Lunar prospecting with Chandra space observatory
Observations of the bright side of the Moon with NASA's Chandra X-ray Observatory have detected oxygen, magnesium, aluminum and silicon over a large area of the lunar surface. The abundance and distribution of those elements will help to determine how the Moon was formed.
IN OTHER NEWS  Additional stories making news today
Lab research yields the biggest chill -- NASA-funded researchers at the Massachusetts Institute of Technology in Cambridge have cooled sodium gas to the lowest temperature ever recorded -- one-half-billionth degree above absolute zero. Absolute zero is the point where no further cooling is possible.
Tuesday: September 16, 2003  0001 GMT
Prevailing theory about cosmic explosions opposed
University of Chicago scientists have challenged the reigning theory about the puzzling nature of gamma-ray bursts, which signal the birth of black holes.
Patterns in Martian north polar dunes imaged
This Mars Global Surveyor picture shows dark, windblown sand forming spectacular geometric patterns in the north polar sand seas, particularly in regions where strong winds converge from different directions over the course of a year.
Monday: September 15, 2003  0115 GMT
Satellites sample hurricane 'ingredients' for forecasters
The Atlantic Ocean becomes a meteorological mixing bowl from June 1 to November 30, replete with all needed ingredients for a hurricane recipe. NASA turns to its cadre of satellites to serve up a feast of information to the forecasters who seek to monitor and understand these awesome storms.
IN OTHER NEWS  Additional stories making news today
Three members added to Stafford-Covey Task Group -- NASA Administrator Sean O'Keefe on Friday announced the appointment of three additional members to the task group assigned to perform an independent assessment of the agency's implementation of the Columbia Accident Investigation Board's recommendations.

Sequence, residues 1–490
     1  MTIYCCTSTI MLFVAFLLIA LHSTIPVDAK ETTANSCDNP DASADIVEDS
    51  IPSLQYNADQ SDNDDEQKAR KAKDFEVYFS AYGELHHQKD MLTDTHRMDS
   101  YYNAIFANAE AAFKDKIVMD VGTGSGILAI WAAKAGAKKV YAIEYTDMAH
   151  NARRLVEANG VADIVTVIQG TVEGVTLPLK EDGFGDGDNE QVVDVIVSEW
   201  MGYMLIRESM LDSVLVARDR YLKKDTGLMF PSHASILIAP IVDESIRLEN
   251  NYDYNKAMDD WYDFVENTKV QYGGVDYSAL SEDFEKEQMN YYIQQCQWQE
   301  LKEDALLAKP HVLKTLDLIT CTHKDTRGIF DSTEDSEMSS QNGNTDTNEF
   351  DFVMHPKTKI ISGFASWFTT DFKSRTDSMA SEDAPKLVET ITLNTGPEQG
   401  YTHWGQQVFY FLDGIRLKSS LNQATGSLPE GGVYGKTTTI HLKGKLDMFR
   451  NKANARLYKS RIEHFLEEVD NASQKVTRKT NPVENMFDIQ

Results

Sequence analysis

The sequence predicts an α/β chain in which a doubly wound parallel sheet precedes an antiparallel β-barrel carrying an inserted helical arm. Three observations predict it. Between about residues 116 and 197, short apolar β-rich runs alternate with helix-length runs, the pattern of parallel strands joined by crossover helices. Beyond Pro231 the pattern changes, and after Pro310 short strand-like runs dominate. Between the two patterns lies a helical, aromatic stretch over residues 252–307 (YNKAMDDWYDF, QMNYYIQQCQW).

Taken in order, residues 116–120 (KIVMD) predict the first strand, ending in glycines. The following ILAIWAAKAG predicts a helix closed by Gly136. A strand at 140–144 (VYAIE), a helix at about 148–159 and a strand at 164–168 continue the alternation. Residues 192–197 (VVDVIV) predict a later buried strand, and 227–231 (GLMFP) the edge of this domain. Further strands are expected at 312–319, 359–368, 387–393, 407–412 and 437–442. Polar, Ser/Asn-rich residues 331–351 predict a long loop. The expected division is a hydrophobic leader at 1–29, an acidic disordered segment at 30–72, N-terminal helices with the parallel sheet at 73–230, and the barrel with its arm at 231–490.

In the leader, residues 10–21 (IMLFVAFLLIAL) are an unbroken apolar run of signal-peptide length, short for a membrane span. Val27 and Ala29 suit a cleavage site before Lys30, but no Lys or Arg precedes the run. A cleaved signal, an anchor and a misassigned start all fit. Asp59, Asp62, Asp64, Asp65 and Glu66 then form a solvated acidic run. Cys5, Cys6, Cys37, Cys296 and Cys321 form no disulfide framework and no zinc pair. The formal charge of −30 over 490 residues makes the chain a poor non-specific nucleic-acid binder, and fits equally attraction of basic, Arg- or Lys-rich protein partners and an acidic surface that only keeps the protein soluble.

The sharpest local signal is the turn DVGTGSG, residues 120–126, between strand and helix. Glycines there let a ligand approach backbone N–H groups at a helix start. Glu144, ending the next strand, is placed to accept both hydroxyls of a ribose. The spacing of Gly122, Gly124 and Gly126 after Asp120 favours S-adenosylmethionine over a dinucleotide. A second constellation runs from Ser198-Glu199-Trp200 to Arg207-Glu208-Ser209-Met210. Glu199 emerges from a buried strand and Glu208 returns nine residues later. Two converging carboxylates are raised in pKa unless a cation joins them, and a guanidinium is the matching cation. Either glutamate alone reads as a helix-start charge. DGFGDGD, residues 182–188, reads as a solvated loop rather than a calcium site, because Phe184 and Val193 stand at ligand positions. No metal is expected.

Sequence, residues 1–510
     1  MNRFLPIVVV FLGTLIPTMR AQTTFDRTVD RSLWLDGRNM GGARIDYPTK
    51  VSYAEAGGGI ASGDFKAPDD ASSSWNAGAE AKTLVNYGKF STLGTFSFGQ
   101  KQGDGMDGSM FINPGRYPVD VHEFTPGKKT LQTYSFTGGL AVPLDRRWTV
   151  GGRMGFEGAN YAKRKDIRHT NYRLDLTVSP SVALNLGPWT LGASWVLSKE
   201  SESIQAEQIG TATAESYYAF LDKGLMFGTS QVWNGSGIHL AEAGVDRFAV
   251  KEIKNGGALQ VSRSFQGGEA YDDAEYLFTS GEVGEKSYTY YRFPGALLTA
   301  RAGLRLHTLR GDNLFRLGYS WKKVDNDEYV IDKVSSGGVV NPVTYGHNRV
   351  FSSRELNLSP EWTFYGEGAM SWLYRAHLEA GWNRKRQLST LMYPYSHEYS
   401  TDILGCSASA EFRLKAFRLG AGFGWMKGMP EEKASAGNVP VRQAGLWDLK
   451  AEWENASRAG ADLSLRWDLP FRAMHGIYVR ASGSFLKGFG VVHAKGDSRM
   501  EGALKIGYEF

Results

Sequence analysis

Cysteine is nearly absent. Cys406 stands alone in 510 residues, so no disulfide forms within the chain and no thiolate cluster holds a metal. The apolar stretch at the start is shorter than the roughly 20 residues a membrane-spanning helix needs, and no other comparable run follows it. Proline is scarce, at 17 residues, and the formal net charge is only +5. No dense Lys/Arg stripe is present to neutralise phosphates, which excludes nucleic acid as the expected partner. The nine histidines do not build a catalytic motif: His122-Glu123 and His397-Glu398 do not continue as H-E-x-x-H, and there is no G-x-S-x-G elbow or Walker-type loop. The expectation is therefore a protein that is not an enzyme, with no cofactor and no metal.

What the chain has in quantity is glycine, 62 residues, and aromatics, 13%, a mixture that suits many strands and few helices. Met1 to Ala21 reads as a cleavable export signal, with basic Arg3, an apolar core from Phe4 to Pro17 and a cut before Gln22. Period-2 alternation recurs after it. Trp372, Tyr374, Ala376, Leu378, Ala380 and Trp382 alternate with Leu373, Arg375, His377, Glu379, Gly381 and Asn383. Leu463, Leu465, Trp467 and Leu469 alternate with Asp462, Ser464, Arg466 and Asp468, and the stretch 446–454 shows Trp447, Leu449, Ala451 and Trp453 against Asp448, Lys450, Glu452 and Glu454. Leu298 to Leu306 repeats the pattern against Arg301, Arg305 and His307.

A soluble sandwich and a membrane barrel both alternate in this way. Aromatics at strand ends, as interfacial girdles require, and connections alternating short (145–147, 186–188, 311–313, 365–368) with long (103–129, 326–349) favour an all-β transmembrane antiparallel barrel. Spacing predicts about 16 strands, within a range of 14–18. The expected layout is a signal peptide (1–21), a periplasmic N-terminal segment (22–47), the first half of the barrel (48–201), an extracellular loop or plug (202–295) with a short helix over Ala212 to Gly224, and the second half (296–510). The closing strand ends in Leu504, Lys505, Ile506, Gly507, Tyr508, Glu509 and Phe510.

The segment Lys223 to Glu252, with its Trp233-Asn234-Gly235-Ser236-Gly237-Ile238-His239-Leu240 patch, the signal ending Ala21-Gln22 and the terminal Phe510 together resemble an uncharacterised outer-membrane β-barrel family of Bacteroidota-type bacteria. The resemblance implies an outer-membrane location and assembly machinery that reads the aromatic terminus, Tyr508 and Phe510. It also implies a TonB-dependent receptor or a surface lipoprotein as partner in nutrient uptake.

NASA administrator supports Columbia trust effort -- NASA Administrator Sean O'Keefe is among the speakers scheduled to formally inaugurate a campaign Tuesday to raise funds to support the families of the crew of the Space Shuttle Columbia. The Columbia Memorial Trust was announced Sept. 16 and will assist the families of Columbia's crew, help erect memorials in honor of STS-107, and pursue various activities that build awareness about space programs.

Connexion by Boeing selects Intelsat for satellite delivery -- Following successful service demonstrations with Lufthansa and British Airways earlier this year, Connexion by Boeing signed a contract with Intelsat for satellite connectivity that will enable airborne travelers to access high-speed Internet and data services via Intelsat's powerful 907 satellite, the newest spacecraft in Intelsat's global fleet.
News Archive
Sept. 8-14: Titan 4 rocket launches cargo cloaked in secrecy; Farthest, faintest solar system objects found; The slant on Saturn's rings; Sunlight makes asteroids spin in strange ways; MIT researchers reassess asteroid hazards.

Sept. 1-7: Mysterious 'giant domes' of Europa could be explained; 'Cannonball pulsar' seen flying across space; Hubble assists Europe's Rosetta comet mission; Progress ship leaves station for Russian science mission.

Aug. 25-31: CAIB report blasts NASA for Columbia tragedy; 300th Delta rocket launches new window on Universe; Delta 4 rocket delivers last Air Force DSCS satellite; Cargo vessel safely docks to space station; NASA gives Chandra X-ray Observatory life extension.

More news  See our weekly archive of space news.

Contact us
If you have a comment or question for Spaceflight Now, just send us an e-mail.